## Programs & Events

##### Computational Imaging

Mar 18 - 22, 2019

Computational imaging involves the use of mathematical models and computational methods as part of imaging systems. Algorithms for image reconstruction have important applications, including in medical image analysis and imaging for the physical sciences. Classical approaches often involve solving large inverse problems using a variety of regularization methods and numerical algorithms.

Current research includes the development of new cameras and imaging methods, where the hardware system and the computational techniques used for image reconstruction are co-designed. New developments have been influenced by the introduction of novel techniques for compressed sensing and sparse reconstruction. The use of machine learning methods for designing a new generation of imaging systems has also been increasingly important.

Specific topics that will be discussed include: image reconstruction, computational photography, compressed sensing, machine learning methods, numerical optimization,... (more)

##### Organizing Committee

- Pedro Felzenszwalb
- Basilis Gidas

##### Optimization Methods in Computer Vision and Image Processing

Apr 29 - May 3, 2019

Optimization appears in many computer vision and image processing problems such as image restoration (denoising, inpainting, compressed sensing), multi-view reconstruction, shape from X, object detection, image segmentation, optical flow, matching, and network training. While there are formulations allowing for global optimal optimization, e.g. using convex objectives or exact combinatorial algorithms, many problems in computer vision and image processing require efficient approximation methods.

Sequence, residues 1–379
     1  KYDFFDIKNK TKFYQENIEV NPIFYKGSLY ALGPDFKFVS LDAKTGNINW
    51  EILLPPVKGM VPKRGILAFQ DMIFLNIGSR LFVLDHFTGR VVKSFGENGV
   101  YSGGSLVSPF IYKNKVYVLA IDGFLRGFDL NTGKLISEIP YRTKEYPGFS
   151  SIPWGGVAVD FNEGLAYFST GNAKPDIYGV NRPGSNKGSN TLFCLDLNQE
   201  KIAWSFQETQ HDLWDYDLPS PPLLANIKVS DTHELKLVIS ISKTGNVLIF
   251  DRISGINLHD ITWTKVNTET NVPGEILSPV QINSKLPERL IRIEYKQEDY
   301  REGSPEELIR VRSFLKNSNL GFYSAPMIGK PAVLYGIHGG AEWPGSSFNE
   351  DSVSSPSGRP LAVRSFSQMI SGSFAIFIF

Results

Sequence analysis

Optimization methods that are widely used range from graph-based techniques and convex relaxations to greedy approaches (e.g. gradient descent). Each method has different efficiency and optimality guarantees. The goal of this workshop is a broad discussion of mathematical models (objectives and constraints) and robust efficient optimization methods (exact or approximate, discrete or continuous) addressing existing issues and advancing the state of the art.

##### Organizing Committee

- Pedro Felzenszwalb
- Benar Fux Svaiter
- Olga Veksler
- Yuri Boykov

##### Arithmetic of Low-Dimensional Abelian Varieties

Jun 3 - 7, 2019

In this workshop, we will explore a number of themes in the arithmetic of abelian varieties of low dimension (typically dimension 2â€“4), with a focus on computational aspects. Topics will include the study of torsion points, Galois representations, endomorphism rings, Sato-Tate distributions, Mumford-Tate groups, complex and p-adic analytic aspects, L-functions, rational points, and so on. We also seek to classify and tabulate these objects, in particular to understand explicitly the underlying moduli spaces (with specified polarization, endomorphism, and torsion structure), and to find examples of abelian varieties exhibiting special behavior. Finally, we will pursue connections with related areas, including the theory of modular forms, related algebraic varieties (e.g., K3 surfaces), and special values of L-functions.

Our goal is for the workshop to bring together researchers working on abelian varieties in a number of facets to establish collaborations, develop algorithms, and... (more)

##### Organizing Committee

- John Voight
- Andrew Sutherland
- Jennifer Balakrishnan
- Noam Elkies
- Brendan Hassett
- Bjorn Poonen

##### Encrypted Search

Jun 10 - 14, 2019

The area of **encrypted search** focuses on the design and cryptanalysis of practical algorithms and systems that can search on end-to-end encrypted data. With encrypted search algorithms, data can remain encrypted *even in use.* As such, encrypted search algorithms have a wide array of applications including in data management, healthcare, cloud computing, mobile security, blockchains, and censorship- and surveillance-resistant systems.

##### Organizing Committee

- Charalampos Papamanthou
- Alexandra Boldyreva
- David Cash
- Seny Kamara
- Hugo Krawczyk
- Tarik Moataz

##### ICERM Research Experiences for Undergraduate Faculty (REUF)

Jun 17 - 21, 2019